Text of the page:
I have nothing against protecting the environment: I don’t like smog, smoke or choking yellow haze any more than the next person, but what I use on my rear for my business is – my business, even if it results in a little extra landfill.
For the green fanatic, though, there is the Wallypop in a variety of colours and understated patterns:
“Alright,” you say, “You’ve convinced me about cloth diapers, and I understand using cloth gift bags and napkins. But toilet paper??” For some people, making the switch to cloth toilet wipes is a huge leap, that’s true. But it doesn’t need to be!
Using cloth toilet wipes actually has many advantages. For one, it’s a lot more comfortable and soft on your most delicate body parts. It’s also more economical, uses less paper, and saves you those late-night trips to the store. And cloth wipes can be used wet without any of the sopping disintegration that regular toilet paper is prone to. For a discussion of the practical aspects of using cloth toilet wipes, please check out our page detailing How to Use Cloth Wipes.
There is nothing new under the sun, of course; here are some much more interesting alternatives – not all of which I have tried – as expounded by Gargantua:
Afterwards I wiped my tail with a hen, with a cock, with a pullet, with a calf’s skin, with a hare, with a pigeon, with a cormorant, with an attorney’s bag, with a montero, with a coif, with a falconer’s lure. But, to conclude, I say and maintain, that of all torcheculs, arsewisps, bumfodders, tail-napkins, bunghole cleansers, and wipe-breeches, there is none in the world comparable to the neck of a goose, that is well downed, if you hold her head betwixt your legs. And believe me therein upon mine honour, for you will thereby feel in your nockhole a most wonderful pleasure, both in regard of the softness of the said down and of the temporate heat of the goose, which is easily communicated to the bum-gut and the rest of the inwards, in so far as to come even to the regions of the heart and brains. And think not that the felicity of the heroes and demigods in the Elysian fields consisteth either in their asphodel, ambrosia, or nectar, as our old women here used to say; but in this, according to my judgment, that they wipe their tails with the neck of a goose, holding her head betwixt their legs, and such is the opinion of Master John of Scotland, alias Scotus.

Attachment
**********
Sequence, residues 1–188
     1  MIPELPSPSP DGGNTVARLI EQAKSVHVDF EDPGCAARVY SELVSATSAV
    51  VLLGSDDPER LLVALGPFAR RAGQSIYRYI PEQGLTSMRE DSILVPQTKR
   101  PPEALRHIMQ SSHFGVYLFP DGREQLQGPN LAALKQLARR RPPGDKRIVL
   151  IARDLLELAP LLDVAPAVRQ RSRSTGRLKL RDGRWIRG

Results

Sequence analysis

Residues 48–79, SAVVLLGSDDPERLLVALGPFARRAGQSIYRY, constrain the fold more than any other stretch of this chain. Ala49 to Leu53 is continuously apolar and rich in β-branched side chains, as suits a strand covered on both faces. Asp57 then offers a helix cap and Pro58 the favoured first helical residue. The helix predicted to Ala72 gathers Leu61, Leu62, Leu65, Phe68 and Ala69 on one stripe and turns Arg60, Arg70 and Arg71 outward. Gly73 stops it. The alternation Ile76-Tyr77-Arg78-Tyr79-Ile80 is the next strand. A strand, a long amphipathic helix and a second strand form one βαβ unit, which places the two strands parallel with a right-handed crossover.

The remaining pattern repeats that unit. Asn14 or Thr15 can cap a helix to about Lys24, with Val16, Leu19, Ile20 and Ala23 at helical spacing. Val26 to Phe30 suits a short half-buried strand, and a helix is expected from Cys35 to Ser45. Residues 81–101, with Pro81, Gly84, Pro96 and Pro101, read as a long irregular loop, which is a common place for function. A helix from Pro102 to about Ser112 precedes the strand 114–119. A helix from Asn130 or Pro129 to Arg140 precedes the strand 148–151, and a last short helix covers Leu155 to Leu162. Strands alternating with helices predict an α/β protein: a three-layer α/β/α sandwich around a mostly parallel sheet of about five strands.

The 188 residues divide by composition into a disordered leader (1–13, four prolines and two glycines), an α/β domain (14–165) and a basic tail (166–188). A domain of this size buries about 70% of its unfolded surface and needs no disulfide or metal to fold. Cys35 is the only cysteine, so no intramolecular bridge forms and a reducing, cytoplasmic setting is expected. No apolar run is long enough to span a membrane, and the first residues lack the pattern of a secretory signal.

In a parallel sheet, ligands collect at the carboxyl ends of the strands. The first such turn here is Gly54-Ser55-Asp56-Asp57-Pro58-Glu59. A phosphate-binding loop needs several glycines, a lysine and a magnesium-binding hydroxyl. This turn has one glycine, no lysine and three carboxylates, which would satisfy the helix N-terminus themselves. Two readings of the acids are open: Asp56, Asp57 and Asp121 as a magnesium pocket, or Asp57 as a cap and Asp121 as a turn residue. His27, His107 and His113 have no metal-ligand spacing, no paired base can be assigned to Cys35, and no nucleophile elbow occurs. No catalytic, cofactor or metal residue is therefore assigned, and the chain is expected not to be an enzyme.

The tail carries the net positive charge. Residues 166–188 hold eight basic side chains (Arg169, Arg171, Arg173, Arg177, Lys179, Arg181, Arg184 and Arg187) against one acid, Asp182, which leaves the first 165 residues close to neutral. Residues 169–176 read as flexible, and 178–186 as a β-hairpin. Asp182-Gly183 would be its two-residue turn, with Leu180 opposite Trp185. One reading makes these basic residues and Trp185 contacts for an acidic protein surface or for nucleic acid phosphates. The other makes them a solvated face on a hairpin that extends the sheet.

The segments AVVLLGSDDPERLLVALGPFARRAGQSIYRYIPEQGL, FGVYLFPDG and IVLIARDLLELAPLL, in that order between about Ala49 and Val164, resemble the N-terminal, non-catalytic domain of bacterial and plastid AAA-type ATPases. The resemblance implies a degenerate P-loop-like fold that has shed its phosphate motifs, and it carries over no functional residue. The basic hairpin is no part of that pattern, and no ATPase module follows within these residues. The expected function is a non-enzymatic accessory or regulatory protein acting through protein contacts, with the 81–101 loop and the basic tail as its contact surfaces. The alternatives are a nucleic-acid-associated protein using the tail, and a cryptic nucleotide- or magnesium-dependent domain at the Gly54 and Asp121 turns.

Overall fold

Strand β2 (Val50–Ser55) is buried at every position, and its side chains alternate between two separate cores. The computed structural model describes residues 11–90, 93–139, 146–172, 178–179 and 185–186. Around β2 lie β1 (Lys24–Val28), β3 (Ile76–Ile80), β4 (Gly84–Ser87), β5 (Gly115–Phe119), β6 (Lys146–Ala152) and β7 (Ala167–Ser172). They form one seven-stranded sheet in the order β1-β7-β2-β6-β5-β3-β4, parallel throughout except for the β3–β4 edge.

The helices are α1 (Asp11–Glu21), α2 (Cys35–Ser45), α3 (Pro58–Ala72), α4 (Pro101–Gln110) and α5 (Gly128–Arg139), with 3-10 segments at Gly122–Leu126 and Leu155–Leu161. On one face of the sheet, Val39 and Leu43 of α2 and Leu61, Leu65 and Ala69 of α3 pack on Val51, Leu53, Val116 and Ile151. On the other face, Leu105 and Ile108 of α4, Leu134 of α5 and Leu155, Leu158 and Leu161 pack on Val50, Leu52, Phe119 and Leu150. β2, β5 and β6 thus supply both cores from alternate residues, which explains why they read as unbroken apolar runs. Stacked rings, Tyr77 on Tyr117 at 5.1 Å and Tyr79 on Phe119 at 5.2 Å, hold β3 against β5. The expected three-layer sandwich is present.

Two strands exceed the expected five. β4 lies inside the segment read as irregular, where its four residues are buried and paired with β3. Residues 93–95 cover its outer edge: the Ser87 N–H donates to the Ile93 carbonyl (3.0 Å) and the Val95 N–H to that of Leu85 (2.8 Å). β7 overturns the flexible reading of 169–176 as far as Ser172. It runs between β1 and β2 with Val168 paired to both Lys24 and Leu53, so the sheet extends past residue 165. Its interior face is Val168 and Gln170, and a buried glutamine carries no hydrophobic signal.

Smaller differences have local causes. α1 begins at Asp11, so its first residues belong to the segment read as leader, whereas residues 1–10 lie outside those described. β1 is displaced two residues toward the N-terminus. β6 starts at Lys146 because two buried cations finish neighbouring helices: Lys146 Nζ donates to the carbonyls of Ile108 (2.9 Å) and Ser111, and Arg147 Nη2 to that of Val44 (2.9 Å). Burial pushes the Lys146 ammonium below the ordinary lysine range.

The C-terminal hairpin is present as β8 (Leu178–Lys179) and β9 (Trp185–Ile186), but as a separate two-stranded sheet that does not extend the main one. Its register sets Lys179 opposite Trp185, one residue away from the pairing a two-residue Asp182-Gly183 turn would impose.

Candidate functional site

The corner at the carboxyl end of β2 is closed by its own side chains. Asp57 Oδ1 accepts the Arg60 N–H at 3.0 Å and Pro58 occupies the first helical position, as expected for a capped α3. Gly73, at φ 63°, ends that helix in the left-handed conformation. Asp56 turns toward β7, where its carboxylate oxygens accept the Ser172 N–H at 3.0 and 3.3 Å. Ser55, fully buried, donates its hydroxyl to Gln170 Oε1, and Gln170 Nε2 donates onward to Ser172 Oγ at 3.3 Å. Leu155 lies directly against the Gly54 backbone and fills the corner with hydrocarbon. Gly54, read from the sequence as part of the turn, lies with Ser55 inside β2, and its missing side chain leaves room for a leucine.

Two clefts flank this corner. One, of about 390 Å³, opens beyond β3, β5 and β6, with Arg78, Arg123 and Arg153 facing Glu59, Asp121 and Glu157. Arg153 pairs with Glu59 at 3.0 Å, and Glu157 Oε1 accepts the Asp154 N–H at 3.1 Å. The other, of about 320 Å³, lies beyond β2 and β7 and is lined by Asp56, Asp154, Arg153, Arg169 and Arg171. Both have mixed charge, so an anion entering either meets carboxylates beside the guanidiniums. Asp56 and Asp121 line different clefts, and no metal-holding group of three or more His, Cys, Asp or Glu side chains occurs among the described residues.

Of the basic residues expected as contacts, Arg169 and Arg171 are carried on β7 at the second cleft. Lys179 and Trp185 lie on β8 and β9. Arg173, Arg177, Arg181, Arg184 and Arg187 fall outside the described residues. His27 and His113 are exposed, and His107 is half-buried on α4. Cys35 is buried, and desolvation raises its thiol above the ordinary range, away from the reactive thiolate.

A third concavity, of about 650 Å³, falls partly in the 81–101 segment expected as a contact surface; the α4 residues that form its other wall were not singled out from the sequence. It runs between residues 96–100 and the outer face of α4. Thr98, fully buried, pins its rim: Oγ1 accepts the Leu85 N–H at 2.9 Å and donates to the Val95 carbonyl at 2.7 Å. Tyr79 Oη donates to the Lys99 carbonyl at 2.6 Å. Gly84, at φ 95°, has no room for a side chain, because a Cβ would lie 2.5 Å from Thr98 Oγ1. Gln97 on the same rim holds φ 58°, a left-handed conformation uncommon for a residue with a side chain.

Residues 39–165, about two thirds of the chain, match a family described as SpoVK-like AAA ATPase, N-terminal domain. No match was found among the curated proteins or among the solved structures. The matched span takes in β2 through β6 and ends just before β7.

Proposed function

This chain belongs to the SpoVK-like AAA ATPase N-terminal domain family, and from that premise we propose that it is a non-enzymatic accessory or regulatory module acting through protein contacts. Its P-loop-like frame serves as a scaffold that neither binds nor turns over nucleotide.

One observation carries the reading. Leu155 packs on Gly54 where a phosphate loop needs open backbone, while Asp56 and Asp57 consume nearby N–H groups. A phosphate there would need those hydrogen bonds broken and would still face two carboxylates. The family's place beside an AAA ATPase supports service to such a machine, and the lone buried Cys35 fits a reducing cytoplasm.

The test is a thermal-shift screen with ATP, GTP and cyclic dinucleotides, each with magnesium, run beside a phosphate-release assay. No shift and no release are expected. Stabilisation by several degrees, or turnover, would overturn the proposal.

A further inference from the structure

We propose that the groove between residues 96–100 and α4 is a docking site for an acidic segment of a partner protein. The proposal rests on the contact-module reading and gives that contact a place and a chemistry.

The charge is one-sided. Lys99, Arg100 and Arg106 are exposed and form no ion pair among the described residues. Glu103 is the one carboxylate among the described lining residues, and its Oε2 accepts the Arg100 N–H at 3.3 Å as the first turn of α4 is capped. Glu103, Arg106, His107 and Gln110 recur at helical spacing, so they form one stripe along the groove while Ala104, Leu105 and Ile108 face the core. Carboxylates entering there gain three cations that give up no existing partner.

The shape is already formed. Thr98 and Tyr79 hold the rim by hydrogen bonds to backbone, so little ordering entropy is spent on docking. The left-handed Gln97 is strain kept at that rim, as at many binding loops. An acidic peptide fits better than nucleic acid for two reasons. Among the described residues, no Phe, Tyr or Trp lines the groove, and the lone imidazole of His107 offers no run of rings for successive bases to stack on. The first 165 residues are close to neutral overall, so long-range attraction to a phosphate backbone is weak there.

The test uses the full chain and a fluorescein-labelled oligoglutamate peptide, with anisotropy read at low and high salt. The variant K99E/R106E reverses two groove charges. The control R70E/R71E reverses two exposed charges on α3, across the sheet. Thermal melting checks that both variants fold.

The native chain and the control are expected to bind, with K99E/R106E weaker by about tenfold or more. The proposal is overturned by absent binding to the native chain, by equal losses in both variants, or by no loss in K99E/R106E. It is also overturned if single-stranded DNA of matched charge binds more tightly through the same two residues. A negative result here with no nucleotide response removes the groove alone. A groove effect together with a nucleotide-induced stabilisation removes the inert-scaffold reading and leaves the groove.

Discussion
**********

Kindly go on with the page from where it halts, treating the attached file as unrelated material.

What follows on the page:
There is a lot more where this came from and the adventurous reader can find it all in Rabelais’ classic, Gargantua and Pantagruel.